Prevea Endocrinology, Diabetes and Nutrition Services
Endocrinology is the study of medicine that relates to the endocrine system, which is the system that controls hormones. Endocrinologists are specially trained physicians who diagnose and treat diseases related to the endocrine glands.
When to see an endocrinologist
Most patients are referred to an endocrinologist through their primary care provider. Your primary care provider will discuss concerns with you and may run a series of tests to help identify potential medical conditions. If the problem is hormone related, the primary care provider will refer you to an endocrinologist for further testing and evaluation.
Endocrinology, Diabetes & Nutrition Services
Prevea endocrinology provides medical care and counseling to patients with hormonal abnormalities that affect reproduction, metabolism, growth and development.
We provide both adult and gestational diabetes programs. We understand that your treatment needs are unique; that’s why our team of specialists works with you in caring for your diabetes.
Our physicians and staff have expertise in the diagnosis and management of routine and complex pituitary disorders and we provide a team approach to the management of patients with thyroid disease.
Accredited Diabetes Education Program
As a member of your healthcare team, an educator makes managing your diabetes easier. We work with you to develop a plan to stay healthy, and give you the tools and ongoing support to make that plan a regular part of your life.
- Self-management and educator led education including a prediabetes class
- Nutritional counseling
- Pre-pregnancy diabetes counseling
- Diagnosis and treatment of:
- Cancers of endocrine gland
- Cholesterol (lipid) disorders
- Hormonal management
- Infertility related to hormone imbalance
- Lack of growth (short stature)
- Metabolic disorders
- Pituitary gland disorders
- Thyroid diseases: nodules, goiter, enlarged thyroid gland
Prediabetes and diabetes management
An estimated 30 million Americans, or 9.4 percent of the population, have diabetes, which occurs when there is too much sugar in the bloodstream or when your blood glucose, also called blood sugar, is too high. Over time, having too much glucose in your blood can cause health problems such as heart disease, nerve damage, eye problems and kidney disease. A simple blood test can tell if you have diabetes.
Type 1 diabetes
occurs when the pancreas makes very little or no insulin. People with type 1 must take insulin daily to replace the insulin their bodies are not making. This form of the disease is most often seen in children, but it can occur at any age.
Type 2 diabetes
is the most common type. In type 2, the body is unable to use insulin properly and sugar cannot be carried to the cells. Although the pancreas makes some insulin, it is not enough to overcome insulin resistance.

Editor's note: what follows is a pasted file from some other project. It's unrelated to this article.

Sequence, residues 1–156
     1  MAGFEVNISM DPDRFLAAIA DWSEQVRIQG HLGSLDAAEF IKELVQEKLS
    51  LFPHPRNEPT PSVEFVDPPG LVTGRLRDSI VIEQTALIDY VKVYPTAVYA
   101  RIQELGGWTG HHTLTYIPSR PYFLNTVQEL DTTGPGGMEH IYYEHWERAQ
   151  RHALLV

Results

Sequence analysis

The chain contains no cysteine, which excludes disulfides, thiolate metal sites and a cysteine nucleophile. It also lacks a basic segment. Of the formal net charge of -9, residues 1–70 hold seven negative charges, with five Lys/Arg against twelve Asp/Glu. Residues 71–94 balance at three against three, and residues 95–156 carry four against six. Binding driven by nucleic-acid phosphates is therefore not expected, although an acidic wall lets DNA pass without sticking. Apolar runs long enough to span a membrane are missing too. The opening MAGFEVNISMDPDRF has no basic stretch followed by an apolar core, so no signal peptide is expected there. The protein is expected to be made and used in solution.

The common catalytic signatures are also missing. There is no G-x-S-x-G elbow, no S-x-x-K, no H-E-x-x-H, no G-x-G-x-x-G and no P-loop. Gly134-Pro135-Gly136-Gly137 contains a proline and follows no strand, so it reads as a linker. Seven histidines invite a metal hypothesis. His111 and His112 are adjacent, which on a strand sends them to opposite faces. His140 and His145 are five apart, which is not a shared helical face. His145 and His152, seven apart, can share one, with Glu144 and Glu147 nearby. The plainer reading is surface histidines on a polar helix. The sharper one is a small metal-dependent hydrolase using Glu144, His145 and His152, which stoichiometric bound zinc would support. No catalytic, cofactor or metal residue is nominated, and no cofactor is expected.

Download an infographic here: Top 5 Things to Know About Type 2 Diabetes & Heart Disease
is a temporary form of diabetes that can occur when women are pregnant. Although this form of diabetes usually disappears after the baby is born, more than half of women with gestational diabetes develop type 2 diabetes later in life.
is a less common form of which is inherited.
occurs when blood glucose (sugar) levels are higher than normal, but not high enough for a diagnosis. Over time, this can increase the risk of heart disease and stroke, as well as the risk for developing type 2 diabetes. According to the National Institute of Health, an estimated 84.1 million American adults have prediabetes.
Diabetes can be managed and most people with the condition live a long and healthy life by taking care of themselves daily.
Diabetes can affect almost every part of the body. By managing blood glucose, as well as blood pressure and cholesterol, can help prevent health problems that can occur with diabetes.
Thyroid and pituitary disorders
Hormones play a large role in everyone’s daily health and well-being. Each part of your body from your brain to your skin, heart, kidneys and your muscles has a specific job. They take direction from your endocrine system to get the work done. The glands of the endocrine system send out hormones that tell each part of your body what work to do, when to do it, and for how long. Hormones are vital to your health and well-being and affect many different processes, including:
- Growth and development
- Metabolism – how your body gets energy from the foods you eat
- Sexual function
If you feel you may have a hormone-related condition or have been diagnosed with one, the best thing to do is to talk to your primary care provider or an endocrinologist, a specialist in hormones, who will help you get your body back in balance.
Download an infographic here: Your Thyroid What You Need to Know